Texas Gulf Coast Red Cross Deploys Volunteers Ahead of Hurricane Lee

Style Magazine Newswire | 9/19/2023, 12:32 p.m.
Hurricane Lee is threatening parts of the East Coast with strong winds, a devastating storm surge and heavy rain later …
American Red Cross volunteer Patricia Labossiere (on the left) from the Southeast and East Deep Texas chapter is flying out of Houston Texasheading to Portland Maine to support disaster relief operations for Hurricane Lee. Red Cross volunteer Stacy O'Quinn (on the right) stepped up immediately to offer her a ride to the airport and of course big hugs before her deployment.

Hurricane Lee is threatening parts of the East Coast with strong winds, a devastating storm surge and heavy rain later this week. The American Red Cross is preparing to respond and urges everyone in Lee’s potential path to monitor their local weather and be prepared for this storm.

The Texas Gulf Coast Red Cross region and our dedicated volunteers are preparing to respond to Hurricane Lee before the storm makes landfall. Across the region, we have deployed more than a dozen volunteers to locations on the East Coast, where they will assist with sheltering and other storm response needs.

Even if the storm weakens, the National Hurricane Center warns that will not diminish the storm’s potential for devastating impacts. Because of the storm’s monstrous size, areas far away from the storm’s center could still see Lee’s effects.

Tropical storm-force wind gusts could impact portions of Connecticut and eastern Massachusetts Friday night and affect other areas in New England this weekend. Maine is likely to see the worst effects of the storm with strong winds, heavy rain and waves that could be more than 30 feet high. Due to ongoing heavy rain, the ground is already saturated in many of the areas where Lee is expected to hit, increasing the risk of flooding.

RED CROSS GETS READY The Red Cross is monitoring the storm closely and preparing to respond as Hurricane Lee heads north. We pre-positioned disaster teams and supplies to be ready to support communities who may be impacted by the storm.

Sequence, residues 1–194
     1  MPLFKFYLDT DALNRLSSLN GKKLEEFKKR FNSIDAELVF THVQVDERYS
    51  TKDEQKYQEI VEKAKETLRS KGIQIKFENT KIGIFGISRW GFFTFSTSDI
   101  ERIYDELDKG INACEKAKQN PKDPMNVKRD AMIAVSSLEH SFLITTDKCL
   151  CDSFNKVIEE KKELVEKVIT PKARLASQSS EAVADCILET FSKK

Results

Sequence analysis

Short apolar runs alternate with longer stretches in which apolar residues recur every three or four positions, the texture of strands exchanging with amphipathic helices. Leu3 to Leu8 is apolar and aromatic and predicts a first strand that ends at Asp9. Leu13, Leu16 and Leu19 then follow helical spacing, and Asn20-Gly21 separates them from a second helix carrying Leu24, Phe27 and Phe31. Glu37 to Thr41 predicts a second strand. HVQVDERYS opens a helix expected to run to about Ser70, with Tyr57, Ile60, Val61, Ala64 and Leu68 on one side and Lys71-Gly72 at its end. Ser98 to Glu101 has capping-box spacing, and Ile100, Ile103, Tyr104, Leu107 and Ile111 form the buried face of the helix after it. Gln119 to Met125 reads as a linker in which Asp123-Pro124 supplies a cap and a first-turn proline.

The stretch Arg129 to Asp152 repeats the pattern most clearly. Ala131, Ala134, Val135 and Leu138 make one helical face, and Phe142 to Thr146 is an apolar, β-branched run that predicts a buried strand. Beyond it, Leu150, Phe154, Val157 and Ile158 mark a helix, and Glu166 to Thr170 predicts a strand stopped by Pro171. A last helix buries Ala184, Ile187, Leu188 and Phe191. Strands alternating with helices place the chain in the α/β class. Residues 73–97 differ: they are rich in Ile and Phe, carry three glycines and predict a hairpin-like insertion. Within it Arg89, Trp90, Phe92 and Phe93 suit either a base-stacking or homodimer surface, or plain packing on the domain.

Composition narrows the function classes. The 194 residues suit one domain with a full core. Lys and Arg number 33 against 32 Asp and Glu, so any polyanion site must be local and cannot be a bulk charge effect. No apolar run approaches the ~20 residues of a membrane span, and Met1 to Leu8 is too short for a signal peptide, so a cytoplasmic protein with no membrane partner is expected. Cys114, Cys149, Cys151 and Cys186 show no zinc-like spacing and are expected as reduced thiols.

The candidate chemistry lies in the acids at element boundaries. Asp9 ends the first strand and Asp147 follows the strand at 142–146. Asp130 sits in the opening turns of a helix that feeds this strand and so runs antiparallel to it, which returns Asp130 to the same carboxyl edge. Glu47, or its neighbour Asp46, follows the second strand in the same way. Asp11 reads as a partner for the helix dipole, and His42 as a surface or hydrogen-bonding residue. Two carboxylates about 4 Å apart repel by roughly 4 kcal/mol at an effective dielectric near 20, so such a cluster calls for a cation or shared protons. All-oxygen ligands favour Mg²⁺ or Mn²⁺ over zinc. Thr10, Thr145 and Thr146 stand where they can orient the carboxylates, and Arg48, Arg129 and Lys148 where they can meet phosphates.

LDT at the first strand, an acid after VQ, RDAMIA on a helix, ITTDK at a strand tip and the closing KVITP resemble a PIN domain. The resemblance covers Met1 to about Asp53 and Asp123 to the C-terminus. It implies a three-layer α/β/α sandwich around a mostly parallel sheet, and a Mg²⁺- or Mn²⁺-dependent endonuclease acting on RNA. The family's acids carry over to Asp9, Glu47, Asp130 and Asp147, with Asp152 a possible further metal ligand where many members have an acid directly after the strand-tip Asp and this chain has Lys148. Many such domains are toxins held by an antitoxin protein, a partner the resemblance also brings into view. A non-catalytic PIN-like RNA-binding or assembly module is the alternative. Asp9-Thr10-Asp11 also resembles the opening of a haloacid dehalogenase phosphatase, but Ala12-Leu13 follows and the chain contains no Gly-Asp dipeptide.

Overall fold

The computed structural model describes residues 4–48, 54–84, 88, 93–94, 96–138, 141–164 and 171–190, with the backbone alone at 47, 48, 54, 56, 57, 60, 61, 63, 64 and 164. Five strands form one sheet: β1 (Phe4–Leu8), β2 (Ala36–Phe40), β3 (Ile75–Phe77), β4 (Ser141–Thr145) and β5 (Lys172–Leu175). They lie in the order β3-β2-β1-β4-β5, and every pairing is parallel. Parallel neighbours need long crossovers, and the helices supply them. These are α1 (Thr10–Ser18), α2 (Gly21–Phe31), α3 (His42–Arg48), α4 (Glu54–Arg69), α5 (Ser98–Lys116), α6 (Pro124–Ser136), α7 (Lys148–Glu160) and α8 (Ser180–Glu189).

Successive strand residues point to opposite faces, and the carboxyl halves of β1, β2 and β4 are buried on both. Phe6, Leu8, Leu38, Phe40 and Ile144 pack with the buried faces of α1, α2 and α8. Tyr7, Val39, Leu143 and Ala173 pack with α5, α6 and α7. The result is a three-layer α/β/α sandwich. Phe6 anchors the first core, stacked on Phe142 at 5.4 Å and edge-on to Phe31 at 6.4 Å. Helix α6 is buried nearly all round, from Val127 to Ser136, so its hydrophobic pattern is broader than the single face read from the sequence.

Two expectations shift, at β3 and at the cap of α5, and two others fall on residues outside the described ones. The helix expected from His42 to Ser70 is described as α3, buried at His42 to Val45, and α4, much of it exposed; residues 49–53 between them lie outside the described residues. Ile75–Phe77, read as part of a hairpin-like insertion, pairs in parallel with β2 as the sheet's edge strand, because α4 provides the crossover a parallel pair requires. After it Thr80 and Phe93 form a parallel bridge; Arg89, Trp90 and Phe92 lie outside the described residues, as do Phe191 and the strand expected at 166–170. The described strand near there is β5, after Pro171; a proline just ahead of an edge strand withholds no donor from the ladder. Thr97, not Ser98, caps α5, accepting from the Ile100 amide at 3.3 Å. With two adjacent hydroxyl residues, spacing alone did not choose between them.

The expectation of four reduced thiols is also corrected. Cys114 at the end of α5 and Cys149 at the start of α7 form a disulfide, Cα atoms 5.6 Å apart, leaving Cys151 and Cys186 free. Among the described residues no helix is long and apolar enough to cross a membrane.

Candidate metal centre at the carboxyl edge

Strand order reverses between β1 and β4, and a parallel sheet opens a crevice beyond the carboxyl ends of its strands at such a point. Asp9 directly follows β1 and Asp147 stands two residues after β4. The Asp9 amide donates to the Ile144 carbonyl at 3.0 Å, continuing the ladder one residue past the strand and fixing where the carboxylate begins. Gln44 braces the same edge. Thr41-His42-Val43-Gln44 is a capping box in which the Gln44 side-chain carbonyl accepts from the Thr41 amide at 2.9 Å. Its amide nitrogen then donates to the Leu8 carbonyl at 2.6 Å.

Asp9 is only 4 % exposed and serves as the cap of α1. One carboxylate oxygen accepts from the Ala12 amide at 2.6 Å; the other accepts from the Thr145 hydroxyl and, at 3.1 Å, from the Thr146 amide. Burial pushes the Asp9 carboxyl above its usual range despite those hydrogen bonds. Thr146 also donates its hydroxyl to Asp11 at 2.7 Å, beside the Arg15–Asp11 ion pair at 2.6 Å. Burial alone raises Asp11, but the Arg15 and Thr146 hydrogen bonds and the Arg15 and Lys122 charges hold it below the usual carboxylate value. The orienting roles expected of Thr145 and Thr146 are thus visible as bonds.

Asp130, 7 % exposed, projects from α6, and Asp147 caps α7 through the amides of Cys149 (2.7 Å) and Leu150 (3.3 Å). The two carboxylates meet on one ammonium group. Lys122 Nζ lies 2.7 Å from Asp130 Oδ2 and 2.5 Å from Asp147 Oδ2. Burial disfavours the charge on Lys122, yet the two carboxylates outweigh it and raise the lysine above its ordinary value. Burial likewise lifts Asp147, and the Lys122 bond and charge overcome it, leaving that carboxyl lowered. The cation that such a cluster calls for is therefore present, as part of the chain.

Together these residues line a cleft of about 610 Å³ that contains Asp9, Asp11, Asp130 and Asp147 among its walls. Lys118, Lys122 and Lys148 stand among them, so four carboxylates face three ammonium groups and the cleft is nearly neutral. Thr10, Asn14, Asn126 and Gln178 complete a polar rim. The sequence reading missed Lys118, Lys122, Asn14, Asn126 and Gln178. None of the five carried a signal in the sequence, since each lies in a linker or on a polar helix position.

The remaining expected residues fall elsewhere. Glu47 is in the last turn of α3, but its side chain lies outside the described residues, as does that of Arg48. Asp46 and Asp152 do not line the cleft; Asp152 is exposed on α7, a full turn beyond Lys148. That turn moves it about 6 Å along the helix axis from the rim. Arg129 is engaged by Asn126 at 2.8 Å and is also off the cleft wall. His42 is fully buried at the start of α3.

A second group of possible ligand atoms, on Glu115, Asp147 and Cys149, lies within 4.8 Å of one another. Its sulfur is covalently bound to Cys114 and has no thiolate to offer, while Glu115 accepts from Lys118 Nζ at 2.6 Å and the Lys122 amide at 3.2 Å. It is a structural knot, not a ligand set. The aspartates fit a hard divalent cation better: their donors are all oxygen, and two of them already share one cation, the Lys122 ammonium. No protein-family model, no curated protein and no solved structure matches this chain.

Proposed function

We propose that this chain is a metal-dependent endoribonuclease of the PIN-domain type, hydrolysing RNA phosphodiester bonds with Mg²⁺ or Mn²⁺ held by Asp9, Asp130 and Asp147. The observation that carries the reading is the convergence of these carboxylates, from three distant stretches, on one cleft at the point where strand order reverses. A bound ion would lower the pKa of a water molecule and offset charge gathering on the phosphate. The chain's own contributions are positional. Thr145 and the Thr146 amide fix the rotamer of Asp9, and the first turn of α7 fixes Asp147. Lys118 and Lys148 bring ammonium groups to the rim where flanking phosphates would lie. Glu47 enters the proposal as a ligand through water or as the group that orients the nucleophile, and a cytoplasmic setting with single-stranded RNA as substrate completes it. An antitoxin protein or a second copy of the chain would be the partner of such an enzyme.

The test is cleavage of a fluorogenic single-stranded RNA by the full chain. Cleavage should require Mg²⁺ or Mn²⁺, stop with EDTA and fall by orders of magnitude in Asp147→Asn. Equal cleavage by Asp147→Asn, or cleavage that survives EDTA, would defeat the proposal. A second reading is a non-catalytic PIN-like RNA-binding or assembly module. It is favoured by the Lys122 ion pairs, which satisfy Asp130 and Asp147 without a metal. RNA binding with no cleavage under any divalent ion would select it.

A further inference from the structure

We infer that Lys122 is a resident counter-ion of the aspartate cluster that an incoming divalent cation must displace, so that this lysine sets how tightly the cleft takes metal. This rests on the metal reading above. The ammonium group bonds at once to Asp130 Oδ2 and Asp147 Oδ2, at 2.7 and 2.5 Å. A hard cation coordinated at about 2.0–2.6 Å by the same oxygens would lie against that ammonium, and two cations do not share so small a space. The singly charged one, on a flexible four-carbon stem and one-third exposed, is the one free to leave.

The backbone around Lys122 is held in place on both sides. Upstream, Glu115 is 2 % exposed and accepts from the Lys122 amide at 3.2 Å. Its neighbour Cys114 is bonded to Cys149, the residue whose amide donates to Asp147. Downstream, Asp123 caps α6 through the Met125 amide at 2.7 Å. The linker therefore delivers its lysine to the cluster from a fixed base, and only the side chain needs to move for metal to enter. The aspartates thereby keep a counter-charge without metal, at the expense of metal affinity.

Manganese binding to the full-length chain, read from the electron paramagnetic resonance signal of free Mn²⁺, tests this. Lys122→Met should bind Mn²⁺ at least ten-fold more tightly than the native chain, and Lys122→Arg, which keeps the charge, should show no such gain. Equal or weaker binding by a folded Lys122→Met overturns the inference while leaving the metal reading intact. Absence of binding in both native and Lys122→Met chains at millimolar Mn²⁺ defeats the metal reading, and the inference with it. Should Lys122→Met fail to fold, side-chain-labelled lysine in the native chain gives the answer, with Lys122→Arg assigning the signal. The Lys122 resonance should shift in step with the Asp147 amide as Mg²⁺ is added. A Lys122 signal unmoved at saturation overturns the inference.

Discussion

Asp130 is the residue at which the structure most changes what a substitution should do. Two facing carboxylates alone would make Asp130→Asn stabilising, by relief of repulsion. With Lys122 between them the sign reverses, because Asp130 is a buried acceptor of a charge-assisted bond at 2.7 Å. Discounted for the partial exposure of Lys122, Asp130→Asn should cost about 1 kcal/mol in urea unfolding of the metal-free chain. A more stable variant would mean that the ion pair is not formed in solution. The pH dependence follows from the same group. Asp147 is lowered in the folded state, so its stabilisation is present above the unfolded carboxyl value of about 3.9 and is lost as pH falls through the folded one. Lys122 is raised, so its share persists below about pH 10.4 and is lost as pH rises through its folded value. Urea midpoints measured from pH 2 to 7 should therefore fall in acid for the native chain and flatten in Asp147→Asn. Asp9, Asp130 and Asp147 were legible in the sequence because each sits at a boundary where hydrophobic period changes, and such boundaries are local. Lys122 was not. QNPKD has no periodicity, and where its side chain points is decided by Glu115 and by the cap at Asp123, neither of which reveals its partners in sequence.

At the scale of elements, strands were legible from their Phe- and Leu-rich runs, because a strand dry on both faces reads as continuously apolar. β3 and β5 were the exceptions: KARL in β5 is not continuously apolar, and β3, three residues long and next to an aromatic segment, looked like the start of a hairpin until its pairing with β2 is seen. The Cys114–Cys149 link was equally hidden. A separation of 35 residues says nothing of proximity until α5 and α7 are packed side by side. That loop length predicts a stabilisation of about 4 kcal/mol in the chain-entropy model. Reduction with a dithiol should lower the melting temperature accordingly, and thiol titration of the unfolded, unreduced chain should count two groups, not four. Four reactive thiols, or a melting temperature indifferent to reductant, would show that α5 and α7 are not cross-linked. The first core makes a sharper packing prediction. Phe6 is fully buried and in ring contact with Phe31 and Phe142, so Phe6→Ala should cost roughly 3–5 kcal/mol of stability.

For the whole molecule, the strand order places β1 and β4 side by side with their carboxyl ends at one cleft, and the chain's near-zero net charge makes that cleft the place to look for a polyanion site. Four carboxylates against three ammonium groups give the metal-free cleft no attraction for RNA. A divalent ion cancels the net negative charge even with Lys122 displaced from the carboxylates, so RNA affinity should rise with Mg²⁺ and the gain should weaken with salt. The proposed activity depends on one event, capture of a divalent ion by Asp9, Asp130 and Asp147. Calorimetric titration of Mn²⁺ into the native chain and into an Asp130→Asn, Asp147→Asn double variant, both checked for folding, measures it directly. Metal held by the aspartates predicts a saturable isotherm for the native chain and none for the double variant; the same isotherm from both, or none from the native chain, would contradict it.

We are deploying enough workers and supplies to be able to help thousands of people. This includes as many as 25 shelter teams and 40 Red Cross emergency vehicles standing ready to support a large relief response. Additional volunteers and emergency supplies are on standby in case they are needed. The Red Cross has also pre-positioned blood products in the region in advance of the storm and stands ready to provide additional blood products if hospitals need support.

In addition to preparing for an East Coast hurricane, we are continuing to respond to Hurricane Idalia in Florida with two volunteers still on the ground. The people of Maui are receiving support after unprecedented wildfires, and five more volunteers will be joining our seven volunteers on the ground. Your support during these climate-related disasters makes our volunteers’ work possible.

YOU CAN HELP Financial contributions enable the Red Cross to prepare for, respond to and help people recover from disasters big and small. Visit redcross.org, call 800-RED CROSS, or text the word REDCROSS to 90999 to make a $10 donation.

IF YOU KNOW SOMEONE WHO NEEDS SHELTER In the coming days, emergency shelters are likely to open in some areas along the East Coast. Anyone who needs a safe place to go can find information about open shelters on redcross.org, the free Red Cross Emergency app or by calling 1-800-RED CROSS (800-733-2767). You can also check with local officials and monitor local news for information on where to find emergency shelter.

We encourage people who plan to stay in a Red Cross shelter to bring prescription medications, extra clothing, pillows, blankets, hygiene supplies, other comfort items and important documents. Don’t forget to bring any special items for children, such as diapers, formula and toys, or for family members who have unique needs.

The climate crisis, according to scientists, is making hurricanes worse in the United States by increasing their intensity. As extreme weather increases, more people need help from the Red Cross. Find out more about the Red Cross and its work on the climate crisis at redcross.org/climate.